- Written By: Margaret Dilloway
- Published By: Putnam Adult, April 7, 2015
- Length: 400 pages
- Source: E galley via Edelweiss with permission from publisher
Summary: Rachel and Drew Snow may be sisters, but their lives have followed completely different paths.
Married to a wonderful man and a mother to two strong-minded teens, Rachel hasn’t returned to her childhood home since being kicked out by her strict father after an act of careless teenage rebellion. Drew, her younger sister, followed her passion for music but takes side jobs to make ends meet and longs for the stability that has always eluded her. Both sisters recall how close they were, but the distance between them seems more than they can bridge. When their deferential Japanese mother, Hikari, is diagnosed with dementia and gives Rachel power of attorney, Rachel’s domineering father, Killian becomes enraged.
In a rare moment of lucidity, Hikari asks Rachel for a book in her sewing room, and Rachel enlists her sister’s help in the search. The book—which tells the tale of real-life female samurai Tomoe Gozen, an epic saga of love, loss, and conflict during twelfth-century Japan—reveals truths about Drew and Rachel’s relationship that resonate across the centuries, connecting them in ways that turn their differences into assets.
My Thoughts: I didn’t have a long term plan to read this book, but while browsing Edelweiss one night I downloaded the e galley and began reading this dual story narrative. It’s my first book by the author Margaret Dilloway, but it won’t be my last.
I was drawn to the story for many reasons, the first was Rachel’s relationship with her family, being ostracized at a young age is an awful fate, but I had seen one of my own sisters make a similar decision. I loved how her mother kept a relationship with her and now that her mother is ill she’s given Rachel her medical power of attorney and also directed her to an old book she’s left for her daughters.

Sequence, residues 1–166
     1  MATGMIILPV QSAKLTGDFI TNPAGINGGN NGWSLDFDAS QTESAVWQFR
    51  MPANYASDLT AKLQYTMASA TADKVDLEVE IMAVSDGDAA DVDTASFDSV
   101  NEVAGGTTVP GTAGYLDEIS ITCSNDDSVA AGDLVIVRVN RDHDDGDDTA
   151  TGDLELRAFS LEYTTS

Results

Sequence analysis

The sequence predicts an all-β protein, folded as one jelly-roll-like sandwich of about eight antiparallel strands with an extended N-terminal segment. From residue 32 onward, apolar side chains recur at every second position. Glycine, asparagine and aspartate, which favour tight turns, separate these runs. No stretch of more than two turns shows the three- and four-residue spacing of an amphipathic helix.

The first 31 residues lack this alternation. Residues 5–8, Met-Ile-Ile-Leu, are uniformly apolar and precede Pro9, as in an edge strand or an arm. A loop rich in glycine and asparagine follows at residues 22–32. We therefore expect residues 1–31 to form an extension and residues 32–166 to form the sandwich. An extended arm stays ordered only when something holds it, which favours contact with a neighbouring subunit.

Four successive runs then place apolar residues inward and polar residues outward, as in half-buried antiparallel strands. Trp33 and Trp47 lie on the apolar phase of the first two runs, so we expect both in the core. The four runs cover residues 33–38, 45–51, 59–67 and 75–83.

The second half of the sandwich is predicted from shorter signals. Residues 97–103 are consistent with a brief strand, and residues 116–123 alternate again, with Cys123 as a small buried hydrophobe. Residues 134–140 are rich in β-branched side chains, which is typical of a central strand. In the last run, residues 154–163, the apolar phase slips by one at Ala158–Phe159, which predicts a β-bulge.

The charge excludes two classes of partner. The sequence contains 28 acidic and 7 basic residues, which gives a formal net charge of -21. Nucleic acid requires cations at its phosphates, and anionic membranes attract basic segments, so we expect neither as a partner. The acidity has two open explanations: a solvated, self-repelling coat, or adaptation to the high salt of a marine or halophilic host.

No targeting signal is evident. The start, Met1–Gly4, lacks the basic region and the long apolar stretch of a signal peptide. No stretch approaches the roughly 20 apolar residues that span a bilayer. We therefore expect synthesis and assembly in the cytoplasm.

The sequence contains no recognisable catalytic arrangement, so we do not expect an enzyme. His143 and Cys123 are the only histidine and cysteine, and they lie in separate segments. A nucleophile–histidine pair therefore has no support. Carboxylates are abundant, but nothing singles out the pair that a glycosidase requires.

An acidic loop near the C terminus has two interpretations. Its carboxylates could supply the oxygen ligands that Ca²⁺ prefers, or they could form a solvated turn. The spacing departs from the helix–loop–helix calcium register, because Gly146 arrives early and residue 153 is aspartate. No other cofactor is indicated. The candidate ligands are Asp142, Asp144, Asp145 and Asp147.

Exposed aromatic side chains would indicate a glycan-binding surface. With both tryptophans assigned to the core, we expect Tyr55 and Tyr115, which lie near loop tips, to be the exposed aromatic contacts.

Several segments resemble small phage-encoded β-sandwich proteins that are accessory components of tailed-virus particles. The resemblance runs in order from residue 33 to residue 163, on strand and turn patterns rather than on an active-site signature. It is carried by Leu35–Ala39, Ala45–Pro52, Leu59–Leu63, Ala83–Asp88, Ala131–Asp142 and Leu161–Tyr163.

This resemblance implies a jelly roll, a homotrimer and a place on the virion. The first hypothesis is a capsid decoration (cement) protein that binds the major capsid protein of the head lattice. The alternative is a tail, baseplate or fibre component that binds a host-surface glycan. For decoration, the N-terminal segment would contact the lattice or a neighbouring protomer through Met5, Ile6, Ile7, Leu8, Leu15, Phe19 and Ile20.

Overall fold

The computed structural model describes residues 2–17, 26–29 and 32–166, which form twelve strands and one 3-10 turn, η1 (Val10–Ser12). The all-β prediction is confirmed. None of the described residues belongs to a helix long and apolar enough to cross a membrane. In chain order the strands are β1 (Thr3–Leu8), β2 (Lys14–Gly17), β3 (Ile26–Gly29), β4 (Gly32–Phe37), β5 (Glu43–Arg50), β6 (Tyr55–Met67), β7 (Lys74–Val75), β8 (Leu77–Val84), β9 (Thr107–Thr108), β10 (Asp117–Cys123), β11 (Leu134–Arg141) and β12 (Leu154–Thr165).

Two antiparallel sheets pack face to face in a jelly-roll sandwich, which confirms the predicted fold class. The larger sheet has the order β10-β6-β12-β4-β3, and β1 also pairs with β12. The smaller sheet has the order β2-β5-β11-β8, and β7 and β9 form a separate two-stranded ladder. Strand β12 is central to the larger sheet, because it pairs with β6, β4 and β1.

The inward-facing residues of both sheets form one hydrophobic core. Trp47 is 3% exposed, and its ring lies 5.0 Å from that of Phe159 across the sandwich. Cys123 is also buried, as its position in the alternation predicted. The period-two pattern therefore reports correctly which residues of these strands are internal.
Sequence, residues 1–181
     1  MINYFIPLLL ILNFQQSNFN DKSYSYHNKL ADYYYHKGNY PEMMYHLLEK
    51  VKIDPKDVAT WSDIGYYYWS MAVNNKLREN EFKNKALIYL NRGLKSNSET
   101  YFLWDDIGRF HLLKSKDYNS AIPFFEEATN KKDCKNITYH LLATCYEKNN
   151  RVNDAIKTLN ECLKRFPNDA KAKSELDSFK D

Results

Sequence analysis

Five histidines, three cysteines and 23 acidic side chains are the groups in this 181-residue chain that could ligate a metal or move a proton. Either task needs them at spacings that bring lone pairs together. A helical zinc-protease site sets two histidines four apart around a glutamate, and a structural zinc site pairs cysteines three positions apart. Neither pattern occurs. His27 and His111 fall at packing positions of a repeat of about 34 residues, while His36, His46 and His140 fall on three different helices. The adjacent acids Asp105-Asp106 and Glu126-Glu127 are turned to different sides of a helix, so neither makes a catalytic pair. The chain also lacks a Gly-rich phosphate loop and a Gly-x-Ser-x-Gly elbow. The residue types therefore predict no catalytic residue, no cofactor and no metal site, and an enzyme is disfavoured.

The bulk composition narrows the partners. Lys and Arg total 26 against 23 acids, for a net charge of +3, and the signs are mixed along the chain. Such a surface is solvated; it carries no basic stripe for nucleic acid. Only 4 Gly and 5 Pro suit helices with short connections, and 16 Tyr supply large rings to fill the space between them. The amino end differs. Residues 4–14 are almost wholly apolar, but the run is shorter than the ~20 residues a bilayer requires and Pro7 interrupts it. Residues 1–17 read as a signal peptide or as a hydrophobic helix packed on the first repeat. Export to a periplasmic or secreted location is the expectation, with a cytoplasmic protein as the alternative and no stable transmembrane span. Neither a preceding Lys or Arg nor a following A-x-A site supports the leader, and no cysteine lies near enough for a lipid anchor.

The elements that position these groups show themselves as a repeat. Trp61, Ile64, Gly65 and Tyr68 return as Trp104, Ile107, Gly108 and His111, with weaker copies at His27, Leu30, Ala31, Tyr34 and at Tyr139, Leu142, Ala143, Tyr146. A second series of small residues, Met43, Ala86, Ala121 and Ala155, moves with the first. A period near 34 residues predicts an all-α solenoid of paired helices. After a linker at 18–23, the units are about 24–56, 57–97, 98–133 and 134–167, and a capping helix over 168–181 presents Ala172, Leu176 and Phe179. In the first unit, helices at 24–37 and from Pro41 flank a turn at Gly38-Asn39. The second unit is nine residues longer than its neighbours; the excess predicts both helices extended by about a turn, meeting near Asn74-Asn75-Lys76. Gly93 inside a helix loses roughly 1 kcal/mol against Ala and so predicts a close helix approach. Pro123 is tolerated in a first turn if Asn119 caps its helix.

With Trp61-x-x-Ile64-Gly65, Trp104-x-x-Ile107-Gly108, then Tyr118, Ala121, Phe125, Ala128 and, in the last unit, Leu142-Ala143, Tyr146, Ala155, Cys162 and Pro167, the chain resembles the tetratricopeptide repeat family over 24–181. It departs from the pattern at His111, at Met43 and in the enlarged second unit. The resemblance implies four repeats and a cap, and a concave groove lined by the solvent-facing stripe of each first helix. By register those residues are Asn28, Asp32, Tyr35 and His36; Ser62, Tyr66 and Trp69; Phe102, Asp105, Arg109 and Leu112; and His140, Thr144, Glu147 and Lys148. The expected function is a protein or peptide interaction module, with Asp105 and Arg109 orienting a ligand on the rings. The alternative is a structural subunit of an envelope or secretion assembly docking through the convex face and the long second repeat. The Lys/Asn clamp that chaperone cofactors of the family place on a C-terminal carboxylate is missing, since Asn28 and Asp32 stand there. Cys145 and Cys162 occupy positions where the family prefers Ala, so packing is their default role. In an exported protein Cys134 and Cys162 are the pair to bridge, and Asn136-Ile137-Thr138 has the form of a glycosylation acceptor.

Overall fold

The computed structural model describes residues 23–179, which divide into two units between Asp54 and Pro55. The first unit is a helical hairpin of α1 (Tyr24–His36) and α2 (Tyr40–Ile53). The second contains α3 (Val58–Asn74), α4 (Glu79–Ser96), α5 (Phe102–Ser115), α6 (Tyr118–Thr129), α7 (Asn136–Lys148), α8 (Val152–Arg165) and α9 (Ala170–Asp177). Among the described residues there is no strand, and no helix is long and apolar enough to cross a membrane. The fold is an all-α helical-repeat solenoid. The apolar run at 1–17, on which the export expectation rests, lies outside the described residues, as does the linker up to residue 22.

Drew, the younger sister ever searching for the right path in life is like so many young people. While learning about each sister and how their upbringing had molded them into the women they are now, I felt so sorry for Drew. Her home was cold, and when Rachel left she was left alone. I was hopeful the sisters would find there way back to loving and trusting each other. Their father, Killian is a man with no redeeming value. He is a powerful and demanding man, he views anyone who thinks different than himself as an enemy and cuts them out of his life. The author wrote him as if he were an ancient evil warlord, very appropriate. He attempts to hold secrets and betrayal over his now adult daughters. He has no idea what he’s up against.
The Japanese talesof Tomoe Gozen was difficult for me at first, but once I began to understand how she was so powerful as a woman in a time when men had all the power I began to become drawn to this part of the book. I was able to see the relationship similarities between the Rachel and Drew, and ancient tales. Dilloway has brilliantly woven the stories of these warrior women.
I highly recommend this book, for women, for sisters, for lovers of history, for anyone who feel like an underdog. You can learn more about Margaret Dilloway and her other books on her website.